- Prevent home fuel spills
- Storing and handling household fuels and chemicals
- Special waste
- Storage tanks
Prevent home fuel spills
Home heating fuel is essential, but you need to handle it carefully. It becomes toxic to the environment when it spills or leaks.
You must report all hazardous material spills to the Yukon Spill Line at 867-667-7244 and clean them up as soon as possible.
Prevent fuel spills
The most common fuel spills happen while refuelling a fuel storage tank or from a leaky tank. A new tank costs around $5,000. Cleaning up a home fuel spill can cost more than $50,000.
You can't avoid all home fuel spills, but you can reduce the chance of them happening. By being a bit more mindful of home fuel consumption and the condition of your tank, you can prevent or mitigate the size of a spill.
Protect your tank from the elements
- Install your tank on a solid-base foundation, like a cement pad.
- Ensure it is away from eaves and open sources of water, including wells and storm drains.
Inspect your tank
- Appearance: Check your tank for rust, damage and general wear and tear in the spring and in the fall.
- Age: Track your tank’s lifespan by having it professionally inspected once a year.
- Quality: Maintain your oil tank as specified by the manufacturer. Hire a professional inspector to assess your tank and piping, and replace worn out parts and tank as needed.
- Quantity: Track your fuel consumption to help detect leaks early. Know what is going in your tank and what is going out. Swipe a paper towel along the underside of your tank once a month to check for leaks.
Responsibility for cleaning up a spill
Homeowners are responsible for cleaning up any spill associated with your tank or property. You have to pay all costs associated with home fuel spills, including fuel that contaminates, runs onto or seeps into a neighbouring property.
Home insurance can cover oil spills up to $100,000. This coverage is an extension policy that isn't included under standard homeowners insurance. Check to make sure your home insurance policy has an escape of fuel policy that will cover the cost of home fuel spills.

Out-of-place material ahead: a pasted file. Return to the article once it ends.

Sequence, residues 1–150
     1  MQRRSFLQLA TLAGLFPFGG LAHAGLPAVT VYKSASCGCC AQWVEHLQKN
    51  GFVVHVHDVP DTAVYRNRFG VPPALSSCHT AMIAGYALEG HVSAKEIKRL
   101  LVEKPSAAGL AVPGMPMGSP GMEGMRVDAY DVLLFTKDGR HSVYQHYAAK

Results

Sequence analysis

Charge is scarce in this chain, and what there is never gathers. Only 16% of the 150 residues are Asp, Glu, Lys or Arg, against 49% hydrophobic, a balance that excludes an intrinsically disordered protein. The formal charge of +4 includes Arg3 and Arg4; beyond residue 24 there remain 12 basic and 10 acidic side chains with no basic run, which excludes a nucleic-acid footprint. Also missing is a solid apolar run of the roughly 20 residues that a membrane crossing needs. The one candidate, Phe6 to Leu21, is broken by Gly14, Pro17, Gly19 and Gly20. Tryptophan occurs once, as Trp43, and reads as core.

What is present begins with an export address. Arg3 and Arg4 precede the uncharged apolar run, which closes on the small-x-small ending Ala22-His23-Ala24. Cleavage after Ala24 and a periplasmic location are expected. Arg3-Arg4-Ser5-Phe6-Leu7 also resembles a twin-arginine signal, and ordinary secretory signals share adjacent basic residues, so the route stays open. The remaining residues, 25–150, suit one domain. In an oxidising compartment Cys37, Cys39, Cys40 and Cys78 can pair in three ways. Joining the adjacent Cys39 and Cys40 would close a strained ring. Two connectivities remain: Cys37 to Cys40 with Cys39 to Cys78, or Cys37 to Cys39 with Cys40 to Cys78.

How to clean up a spill
Have a spill kit handy. Spill kits contain:
- absorbent pads for hydrocarbons and chemicals;
- drip trays;
- cat litter or other commercial absorbent granules;
- shovels, pails or barrels for secondary containment; and
- plastic sheeting.
Storing and handling household fuels and chemicals
- Store chemicals and fuels in labelled, industry-approved sealed containers according to the manufacturer's specifications and the substance's Material Safety Data Sheet.
- Store chemicals and fuels in an area sheltered from rough weather, preferably off the ground on a solid surface or in an area with back-up containment.
- Don’t store chemicals or fuels in:
- leaky or compromised containers; or
- containers made of materials that could adversely react with a given fuel or chemical.
- Don’t store chemicals and fuels near:
- bodies of water;
- storm water drains;
- drinking water wells;
- areas with known shallow groundwater;
- areas susceptible to flooding;
- areas that create a health risk (e.g., harmful fumes, fire hazard, areas where children have access);
- incompatible substances - learn these by looking up the Material Safety Data Sheet on the substance - in leaky or compromised containers; or
- in containers made of materials that could adversely react with a given fuel or chemical.
For information on how and where to dispose of household hazardous waste see Dispose of hazardous waste, contact the Environmental Programs Branch, or contact the Department of Community Services at email@example.com or phone 867-667-8945 or toll free in the Yukon 1-800-661-0408, ext. 8945.
What is special waste?
In the Yukon, special wastes include:
- waste oil or used oil (e.g., used lubricating oil, insulating fluid, coolants);
- biomedical waste; and
- dangerous goods no longer used for their original purpose, with certain exceptions as listed in the Special Waste Regulations. “Dangerous goods” means goods listed in the federal Transportation of Dangerous Goods Regulations.
Special wastes can negatively affect human health and the environment if you don’t handle and dispose of them properly. Improper handling special waste can cause soil, groundwater and surface water contamination, air pollution, direct poisoning to people and wildlife, and fires and explosions.
Proper storage and handling
- You must store special wastes in an area sheltered from rough weather and off the ground.
- You must store and handle special wastes in a location with measures in place to prevent public access to the special waste. These can include:
- storing the special waste in an area that is not readily visible to members of the public who may be accessing or passing by the site;
- constructing a barrier around the special waste storage and handling areas;
- installing signage that warns against unauthorized access to the special waste storage and handling areas; and
- installing signage that states people must check in with the site manager before dropping off any special waste, if applicable.
In addition to the above guidelines, you must follow the regulatory requirements for special waste facilities through the permit issued to the operator.
- You must store special waste in containers that are compatible with the material being stored.